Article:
As workplace well-being becomes a nonnegotiable, startups are moving in on the corporate wellness industry that’s expected to top $94B by 2026.
But, while gym collectives, personal training, wearables, and mental health all trend up, very few are tackling accessible and affordable nutrition.
We caught up with Tom Futch, vice president of FreshlyWell—a new B2B extension of the healthy meal delivery service Freshly—on making nourishment more convenient.
Why is Freshly targeting the B2B market?
Tom Futch: FreshlyWell is an extension of Freshly’s founding vision: to make eating better effortless in a world where convenience equals compromise. Establishing ourselves in the B2B space allows us to impact more people with this mission and reach them in new ways.
Why did you chose to focus on employers, healthcare, higher ed, and seniors?
TF: We’re focused on these sectors because research continuously shows they’re the ones who would benefit most from convenient access to healthy food. For organizations across a range of industries, providing their people with proper nourishment is no longer a consideration; it’s a necessity.
When it comes to employers, for example, today’s landscape has sparked renewed conversations around corporate wellness. The expectations for how a company chooses to support the well-being of its employees have grown immensely since the start of the pandemic.
We know that 80% of employees say they would keep a job with good benefits rather than take one that offered more pay. And the quality and variety of food offered at work are often listed as significant factors in accepting a job or staying there. Of note, proper nutrition has also been linked to increased productivity.
With healthcare systems, an estimated one in five healthcare workers have quit since the pandemic began; and we know that only about half of nurses have access to healthy food during work.
In response, institutions across the country are working hard to keep their frontline workers happy and fulfilled — removing barriers to wellness on the job and increasing overall satisfaction in an effort to retain staff.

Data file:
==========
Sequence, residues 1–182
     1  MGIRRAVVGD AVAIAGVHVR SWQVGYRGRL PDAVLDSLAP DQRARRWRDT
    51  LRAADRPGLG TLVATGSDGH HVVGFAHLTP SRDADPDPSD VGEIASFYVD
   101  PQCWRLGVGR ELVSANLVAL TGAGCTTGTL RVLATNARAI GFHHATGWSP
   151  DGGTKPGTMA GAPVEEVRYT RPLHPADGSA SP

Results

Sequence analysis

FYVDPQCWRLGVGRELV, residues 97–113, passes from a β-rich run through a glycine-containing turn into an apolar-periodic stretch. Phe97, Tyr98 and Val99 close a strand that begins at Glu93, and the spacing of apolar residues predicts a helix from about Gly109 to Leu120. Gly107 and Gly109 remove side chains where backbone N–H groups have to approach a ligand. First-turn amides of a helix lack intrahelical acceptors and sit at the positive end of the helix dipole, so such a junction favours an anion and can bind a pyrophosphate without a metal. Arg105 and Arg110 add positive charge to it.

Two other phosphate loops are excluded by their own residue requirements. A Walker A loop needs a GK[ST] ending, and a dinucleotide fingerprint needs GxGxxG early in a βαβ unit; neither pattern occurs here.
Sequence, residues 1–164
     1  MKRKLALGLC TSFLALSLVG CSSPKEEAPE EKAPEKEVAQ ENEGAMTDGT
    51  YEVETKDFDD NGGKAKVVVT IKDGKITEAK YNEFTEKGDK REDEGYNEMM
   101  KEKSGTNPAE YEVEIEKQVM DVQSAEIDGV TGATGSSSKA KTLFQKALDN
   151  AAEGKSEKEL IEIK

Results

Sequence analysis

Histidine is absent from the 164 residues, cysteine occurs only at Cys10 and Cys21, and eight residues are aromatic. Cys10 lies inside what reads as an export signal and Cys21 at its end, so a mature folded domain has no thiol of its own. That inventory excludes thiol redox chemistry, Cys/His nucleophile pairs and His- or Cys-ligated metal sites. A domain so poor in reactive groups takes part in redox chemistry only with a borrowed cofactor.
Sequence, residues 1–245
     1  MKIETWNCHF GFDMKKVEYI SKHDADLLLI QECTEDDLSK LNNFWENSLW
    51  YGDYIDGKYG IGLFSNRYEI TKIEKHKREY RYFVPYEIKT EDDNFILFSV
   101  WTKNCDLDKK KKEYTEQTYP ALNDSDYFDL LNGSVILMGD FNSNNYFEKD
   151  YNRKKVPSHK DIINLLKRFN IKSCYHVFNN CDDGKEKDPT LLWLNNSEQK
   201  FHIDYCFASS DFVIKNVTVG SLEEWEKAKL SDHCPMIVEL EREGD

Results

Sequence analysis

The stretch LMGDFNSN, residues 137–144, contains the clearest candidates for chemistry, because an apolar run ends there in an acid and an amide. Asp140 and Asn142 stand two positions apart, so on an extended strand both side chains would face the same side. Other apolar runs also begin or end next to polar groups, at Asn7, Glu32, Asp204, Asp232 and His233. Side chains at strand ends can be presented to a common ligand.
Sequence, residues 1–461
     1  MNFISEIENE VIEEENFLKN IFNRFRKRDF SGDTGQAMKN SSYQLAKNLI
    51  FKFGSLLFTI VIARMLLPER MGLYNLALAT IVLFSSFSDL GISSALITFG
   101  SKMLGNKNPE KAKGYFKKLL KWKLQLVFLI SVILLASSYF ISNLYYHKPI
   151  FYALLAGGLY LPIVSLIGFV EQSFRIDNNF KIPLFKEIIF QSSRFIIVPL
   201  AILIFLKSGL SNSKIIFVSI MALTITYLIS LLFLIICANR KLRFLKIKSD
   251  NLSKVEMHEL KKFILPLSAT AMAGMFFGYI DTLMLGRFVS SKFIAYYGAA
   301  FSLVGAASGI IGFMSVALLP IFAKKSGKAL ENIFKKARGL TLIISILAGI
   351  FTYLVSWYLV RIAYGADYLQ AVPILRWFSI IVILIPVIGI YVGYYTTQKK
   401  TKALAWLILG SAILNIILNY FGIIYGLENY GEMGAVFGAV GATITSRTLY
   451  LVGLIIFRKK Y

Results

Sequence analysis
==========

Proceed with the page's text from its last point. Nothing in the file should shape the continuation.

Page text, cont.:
We think a lot about communities that are most susceptible to food insecurity as well. Studies show that 5.2M seniors across the US are food insecure. As the population ages faster than at any other time in history, so does the need for thoughtful care prioritizing the health and wellness of seniors.
And, interestingly, we see a similar need with student populations across the vast majority of our colleges and universities.
How are enterprise partnerships structured?
TF: FreshlyWell works with employers, organizations, and member communities to provide their people with access to our meals through a range of customized programs that put health and convenience front and center.
Because we know that each organization has its own nuanced needs, we don’t offer a one-size-fits-all solution. In light of our new “hybrid” normal, our offerings can be tailored to both on-site and at-home environments.
Our on-site options include bulk orders for cafés and micromarkets, as well as our new Freshly Smart Fridge. For those with communities at home, the programs look quite similar to our DTC delivery service, just with subsidies or discount offers provided by the company or organization.
For employers, the impact of corporate wellness initiatives can be difficult to quantify. How does FreshlyWell define success?
TF: We look at success in a number of ways. Going back to our mission of providing access to healthy food for more people, the sheer number of individuals we can impact through our FreshlyWell business is one we’ll be tracking.
More specifically, with our at-home delivery solutions, we’re measuring engagement rates of each program based on subsidy redemptions. For example, an early pilot program we did with Northwell Health, New York’s largest healthcare provider, garnered an employee engagement rate of 70%.
For our on-site solutions like the Smart Fridge, we’re able to rely on data and engagement tracking since each meal will be affixed with an RFID sticker. Additionally, our partners are able to view important metrics via their organization’s dashboard — including meal shelf life, meal selection, and meal preferences.
What food and nutrition trends are you tracking?
TF: One of the trends we’ve been keeping an eye on is “quiet quitting” and how organizations are working to offer more holistic benefits—including expanding programs to unique physical and mental health offerings—in order to get employees back into the office and retain top talent.
We’re tracking trends in food contact service, recognizing the growing demand in this sector for innovative mealtime offerings for clients, from corporations to healthcare systems.
Convenient and streamlined grab-and-go options—such as self-serve checkout—are also on the rise.
Lastly, we very much believe in the ideology that food is medicine — and see an opportunity for integration into health plans for employer groups and Medicare/Medicaid members alike.
Anything else you’d like readers to know?
TF: We want to be part of the change people are demanding. In a world where health challenges are a real concern, we believe providing healthy nourishment and supporting well-being should be an everyday reality.